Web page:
Synopses & Reviews
Poetry. Translated from the Russian by Bela Shayevich and Ainsley Morse. Preface by Mikhail Sukhotin. Afterword by Gerald Janecek. I LIVE I SEE presents a comprehensive survey of the work of Vsevolod Nekrasov (1934-1999), the Soviet literary underground's foremost minimalist. Exploring urban, rural, and purely linguistic environs with an economy of lyrical means and a dark sense of humor, Nekrasov's groundbreaking early poems rupture the stultified language of Soviet cliché while his later work tackles the excesses of the new Russian order. I LIVE I SEE is a testament to Nekrasov's lifelong conviction that art can not only withstand, but undermine oppression.
Nekrasov's poetry, which is often characterized as minimalist, uses repetition and paranomasia to deconstruct and recontextualize his linguistic environment—he targets everything from stock Soviet political mottos to clichés people mutter to one another in everyday situations. For example, by juxtaposing phrases the average Soviet citizen would have taken for granted with arbitrary-seeming homophones, Nekrasov calls official Soviet language to task for the numbness and thoughtlessness it promotes. When not overtly political, his poems examine this same tension between "outward speech" and "inward speech," that is, between the language we use when talking to others and talking to ourselves.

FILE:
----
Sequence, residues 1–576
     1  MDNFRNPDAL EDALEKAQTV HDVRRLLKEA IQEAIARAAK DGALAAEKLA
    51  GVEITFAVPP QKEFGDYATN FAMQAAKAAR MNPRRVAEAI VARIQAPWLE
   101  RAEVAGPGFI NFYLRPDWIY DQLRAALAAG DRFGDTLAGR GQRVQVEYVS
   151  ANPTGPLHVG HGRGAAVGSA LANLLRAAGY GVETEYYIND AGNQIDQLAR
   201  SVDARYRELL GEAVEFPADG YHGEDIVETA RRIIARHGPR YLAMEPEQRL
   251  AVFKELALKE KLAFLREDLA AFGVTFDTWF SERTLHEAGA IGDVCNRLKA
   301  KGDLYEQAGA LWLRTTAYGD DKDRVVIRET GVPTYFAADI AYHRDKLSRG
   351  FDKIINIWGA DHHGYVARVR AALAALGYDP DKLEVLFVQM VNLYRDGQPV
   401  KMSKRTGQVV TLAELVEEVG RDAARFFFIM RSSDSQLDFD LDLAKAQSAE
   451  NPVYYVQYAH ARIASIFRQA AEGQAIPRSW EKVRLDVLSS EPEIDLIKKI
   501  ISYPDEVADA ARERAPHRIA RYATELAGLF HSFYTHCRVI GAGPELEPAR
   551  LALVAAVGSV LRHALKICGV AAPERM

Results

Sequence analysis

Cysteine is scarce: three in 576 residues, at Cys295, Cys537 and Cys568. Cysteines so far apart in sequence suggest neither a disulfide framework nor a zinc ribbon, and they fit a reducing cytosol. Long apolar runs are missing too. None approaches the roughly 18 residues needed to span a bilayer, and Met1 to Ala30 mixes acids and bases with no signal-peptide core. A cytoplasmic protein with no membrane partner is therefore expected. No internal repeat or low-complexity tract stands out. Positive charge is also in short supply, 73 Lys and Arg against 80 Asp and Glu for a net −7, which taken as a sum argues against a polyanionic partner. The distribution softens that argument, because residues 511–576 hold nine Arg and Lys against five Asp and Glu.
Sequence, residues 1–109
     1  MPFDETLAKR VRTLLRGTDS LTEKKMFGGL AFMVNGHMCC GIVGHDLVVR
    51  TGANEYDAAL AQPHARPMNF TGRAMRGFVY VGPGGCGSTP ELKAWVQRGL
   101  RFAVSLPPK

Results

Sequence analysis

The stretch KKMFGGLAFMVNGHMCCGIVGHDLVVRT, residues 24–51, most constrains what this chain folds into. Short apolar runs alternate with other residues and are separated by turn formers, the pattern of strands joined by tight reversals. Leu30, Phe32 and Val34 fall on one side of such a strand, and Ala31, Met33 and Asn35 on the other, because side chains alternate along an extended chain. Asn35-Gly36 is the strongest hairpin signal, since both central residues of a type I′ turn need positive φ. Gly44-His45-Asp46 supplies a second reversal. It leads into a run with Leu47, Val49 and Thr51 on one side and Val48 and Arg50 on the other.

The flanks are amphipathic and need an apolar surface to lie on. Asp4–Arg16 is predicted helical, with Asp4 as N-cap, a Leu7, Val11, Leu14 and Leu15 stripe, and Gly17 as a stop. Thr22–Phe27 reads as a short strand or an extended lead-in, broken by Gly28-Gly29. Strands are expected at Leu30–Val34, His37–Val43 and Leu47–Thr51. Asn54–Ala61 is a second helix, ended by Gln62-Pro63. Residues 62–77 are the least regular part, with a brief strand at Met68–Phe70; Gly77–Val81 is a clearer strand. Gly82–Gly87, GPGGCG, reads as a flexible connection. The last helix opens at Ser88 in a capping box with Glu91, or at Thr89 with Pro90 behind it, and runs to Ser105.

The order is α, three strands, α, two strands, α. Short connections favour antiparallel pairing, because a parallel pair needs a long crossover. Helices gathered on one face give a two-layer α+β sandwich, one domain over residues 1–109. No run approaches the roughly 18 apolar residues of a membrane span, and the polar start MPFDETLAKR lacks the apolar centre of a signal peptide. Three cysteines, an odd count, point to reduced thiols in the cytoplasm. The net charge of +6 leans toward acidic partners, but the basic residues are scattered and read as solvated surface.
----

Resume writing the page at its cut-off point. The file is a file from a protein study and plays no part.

I LIVE I SEE: SELECTED POEMS is the first collection of Nekrasov's work in English translation.
About the Author
Vsevolod Nekrasov (1934-2009), a lifelong resident of Moscow, became active in the literary and artistic underground in the late 1950s. Through the fall of the Soviet Union, his work only appeared in samizdat and European publications. At the beginning of his career, Nekrasov was associated with the experimental writers and artists of the Lianozovo group, and went on to become one of the founding members of Moscow Conceptualism.